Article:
• Differentiation by learning needs – this could be dyslexia, EAL (English as an Additional Language), cognitive (processing), sight, hearing, behaviour, autism, Free School Meals, Gifted and Talented. Think about how you would need to differentiate for each of these.
  • By sequence – change the order of activities to suit the needs of different learners
  • By pace – change the timing of each activity to suit individuals but keep the pace up.
  • Use circus or stations – you can change the order, have certain stations for each group of learners or provide increasing complexity as you move around – this works well in science with different experiments for example.
  • By outcome – provide different levels of outcome (possibly colour them, grade them or give them different names such as ‘beginner’, ‘expert’, ‘ninja’)
  • By task – provide choices for learners eg hot, spicy, mild – better than easy, medium and difficult
  • By activity – watch something, listen to an audio file, talk to each other, write something, act out something – lots of ways to engage learners on different levels.
  • The ‘enable table’ – set up a table, space or wall display with extra, extension information.

There are many others (feel free to add yours in comments) but with a limited amount of time, we then considered how to assess pupils progress using a range of classroom techniques and strategies.

  • Asking questions (the right type of question) – these are the tools of your trade – get them right and you will find true wisdom and enlightenment!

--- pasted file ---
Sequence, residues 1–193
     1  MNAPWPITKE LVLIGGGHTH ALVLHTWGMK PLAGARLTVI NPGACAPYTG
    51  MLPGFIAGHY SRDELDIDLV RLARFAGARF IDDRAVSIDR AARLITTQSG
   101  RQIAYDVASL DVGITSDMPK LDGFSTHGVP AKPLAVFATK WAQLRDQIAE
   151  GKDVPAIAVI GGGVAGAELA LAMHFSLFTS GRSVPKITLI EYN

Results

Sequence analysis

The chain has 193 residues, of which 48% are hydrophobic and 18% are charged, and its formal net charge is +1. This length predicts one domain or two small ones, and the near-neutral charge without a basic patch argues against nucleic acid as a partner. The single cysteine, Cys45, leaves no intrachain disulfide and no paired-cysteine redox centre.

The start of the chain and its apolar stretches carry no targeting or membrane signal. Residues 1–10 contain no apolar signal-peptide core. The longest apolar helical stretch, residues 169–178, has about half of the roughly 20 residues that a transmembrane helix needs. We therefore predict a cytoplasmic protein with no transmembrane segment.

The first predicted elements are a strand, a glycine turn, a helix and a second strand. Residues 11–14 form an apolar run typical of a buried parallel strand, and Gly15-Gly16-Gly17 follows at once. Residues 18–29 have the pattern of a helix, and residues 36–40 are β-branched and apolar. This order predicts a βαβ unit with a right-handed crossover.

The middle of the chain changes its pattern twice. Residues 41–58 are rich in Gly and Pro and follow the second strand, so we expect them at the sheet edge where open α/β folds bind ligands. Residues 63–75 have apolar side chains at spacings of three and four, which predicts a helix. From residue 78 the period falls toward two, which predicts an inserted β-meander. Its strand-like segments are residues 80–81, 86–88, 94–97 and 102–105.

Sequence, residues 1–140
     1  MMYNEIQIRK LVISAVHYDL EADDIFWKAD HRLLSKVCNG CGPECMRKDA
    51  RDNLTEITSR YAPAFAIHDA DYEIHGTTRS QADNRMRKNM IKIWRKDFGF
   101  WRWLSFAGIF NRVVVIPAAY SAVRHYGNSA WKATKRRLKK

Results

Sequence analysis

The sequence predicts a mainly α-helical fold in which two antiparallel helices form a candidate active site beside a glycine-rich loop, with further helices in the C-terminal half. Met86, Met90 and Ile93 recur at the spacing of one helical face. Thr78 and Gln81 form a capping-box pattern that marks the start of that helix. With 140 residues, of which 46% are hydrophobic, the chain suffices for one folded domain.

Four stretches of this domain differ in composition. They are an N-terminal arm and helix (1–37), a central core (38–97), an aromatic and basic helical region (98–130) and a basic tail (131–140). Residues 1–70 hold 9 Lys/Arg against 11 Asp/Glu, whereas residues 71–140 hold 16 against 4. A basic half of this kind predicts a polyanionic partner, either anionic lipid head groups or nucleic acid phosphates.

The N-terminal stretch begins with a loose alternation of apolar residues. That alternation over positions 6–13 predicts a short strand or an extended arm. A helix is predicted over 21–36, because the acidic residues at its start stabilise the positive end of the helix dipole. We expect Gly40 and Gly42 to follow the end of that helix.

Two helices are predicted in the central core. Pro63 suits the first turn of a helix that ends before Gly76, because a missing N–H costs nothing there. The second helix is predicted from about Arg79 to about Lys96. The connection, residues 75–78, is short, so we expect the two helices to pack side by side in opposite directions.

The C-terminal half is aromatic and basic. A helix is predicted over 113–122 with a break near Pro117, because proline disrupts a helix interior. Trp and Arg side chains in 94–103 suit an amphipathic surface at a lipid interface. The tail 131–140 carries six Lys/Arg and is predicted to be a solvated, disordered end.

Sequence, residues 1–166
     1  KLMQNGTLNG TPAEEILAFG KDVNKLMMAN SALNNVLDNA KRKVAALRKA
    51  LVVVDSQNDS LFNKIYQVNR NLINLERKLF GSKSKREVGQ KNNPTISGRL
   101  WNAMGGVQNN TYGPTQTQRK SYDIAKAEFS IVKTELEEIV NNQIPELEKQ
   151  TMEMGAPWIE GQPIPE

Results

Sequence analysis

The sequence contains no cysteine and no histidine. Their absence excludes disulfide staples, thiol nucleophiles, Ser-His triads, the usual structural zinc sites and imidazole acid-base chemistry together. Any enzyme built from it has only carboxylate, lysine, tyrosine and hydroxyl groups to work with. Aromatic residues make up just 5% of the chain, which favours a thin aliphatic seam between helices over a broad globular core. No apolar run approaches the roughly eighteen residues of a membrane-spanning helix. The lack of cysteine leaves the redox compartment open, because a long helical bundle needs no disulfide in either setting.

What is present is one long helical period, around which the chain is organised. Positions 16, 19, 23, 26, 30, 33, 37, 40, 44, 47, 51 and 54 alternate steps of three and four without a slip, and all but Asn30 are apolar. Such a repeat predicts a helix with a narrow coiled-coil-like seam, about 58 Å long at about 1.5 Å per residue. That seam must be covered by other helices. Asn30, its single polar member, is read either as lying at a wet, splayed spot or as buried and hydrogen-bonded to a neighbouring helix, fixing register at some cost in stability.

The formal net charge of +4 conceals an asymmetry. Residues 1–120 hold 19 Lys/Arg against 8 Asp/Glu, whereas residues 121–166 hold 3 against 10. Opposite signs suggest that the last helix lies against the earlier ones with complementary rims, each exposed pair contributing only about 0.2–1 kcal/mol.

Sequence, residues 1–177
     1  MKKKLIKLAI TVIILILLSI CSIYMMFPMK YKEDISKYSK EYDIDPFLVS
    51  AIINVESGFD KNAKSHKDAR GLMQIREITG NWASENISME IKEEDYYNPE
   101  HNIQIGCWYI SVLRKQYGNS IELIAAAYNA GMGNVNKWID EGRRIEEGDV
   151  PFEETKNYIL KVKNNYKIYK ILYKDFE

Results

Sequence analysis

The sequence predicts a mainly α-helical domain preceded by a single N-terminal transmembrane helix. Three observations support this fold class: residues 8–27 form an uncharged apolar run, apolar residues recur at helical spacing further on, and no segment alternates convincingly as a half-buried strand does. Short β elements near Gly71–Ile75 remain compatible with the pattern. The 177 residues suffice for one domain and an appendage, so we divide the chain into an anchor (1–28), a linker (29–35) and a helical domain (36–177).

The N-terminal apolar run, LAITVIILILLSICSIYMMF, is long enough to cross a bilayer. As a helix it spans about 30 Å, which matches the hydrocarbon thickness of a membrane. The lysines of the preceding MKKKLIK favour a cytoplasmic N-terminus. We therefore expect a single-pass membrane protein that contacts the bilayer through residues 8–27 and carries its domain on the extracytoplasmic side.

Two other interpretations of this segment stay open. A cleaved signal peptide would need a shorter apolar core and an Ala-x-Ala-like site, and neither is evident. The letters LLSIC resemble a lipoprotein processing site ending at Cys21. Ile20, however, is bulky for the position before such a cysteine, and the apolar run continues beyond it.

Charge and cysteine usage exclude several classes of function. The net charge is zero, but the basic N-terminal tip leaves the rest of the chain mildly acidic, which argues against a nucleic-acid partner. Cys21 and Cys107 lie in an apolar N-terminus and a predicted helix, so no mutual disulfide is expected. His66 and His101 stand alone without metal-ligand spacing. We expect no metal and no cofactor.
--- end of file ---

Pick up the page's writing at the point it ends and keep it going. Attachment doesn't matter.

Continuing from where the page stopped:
• Red, Orange, Green student response cards, to hold up, leave on the desk so that teachers can see who understands what.
  • Mini whiteboards – these have seen significant use in classrooms across the world. Great for checking on progress. Join them up in a line or make a ‘big picture’ with all of them on the floor or hold them up for a time lapse video.
  • Standing on a continuum – these are useful and get learners out of their seats – try ‘yes/no’, ‘agree/disagree’, ‘1-10’ or make up your own
  • Find your corner – label each corner A, B, C and D – pupils stand in each corner depending on the question
  • Hot responses – hot, spicy, mild – pupils choose an activity and difficulty, therefore, indicating their confidence
  • How many fingers – 1-10 confidence level or 1-5 depending on the question
  • Thumbs Up or Down – quick testing of confidence
  • Confidence Rating – use 1-4 rather than 1-5 as pupils will often plump for the middle one.
  • Sad face or smiley face – easy to use in books, whiteboards etc for self or peer assessment
  • Starting Point – by deciding on level of entry pupils indicate their confidence level and prior knowledge
  • No hands – means all pupils have to come up with a good answer and to help with this…
  • Random Name Generator – use http://www.classtools.net (with loads of other games and tools) or StickPick app (small cost).
  • Snowball fight – write/work on something – scrunch it up and all throw at the same time – good fun – open, add, edit, assess, scrunch and throw. Repeat. Use notes with annotations to formulate a final draft.
  • Snowballing – one person works on a task, pairs up, joins a third, a fourth and so on.
  • Pyramid – one pairs with another, two become four, become eight etc – good for class discussion

Feedback has most effect when it creates ‘cognitive conflict’ meaning that the student is puzzled they got it wrong, and starts to work out why, Hattie (2003)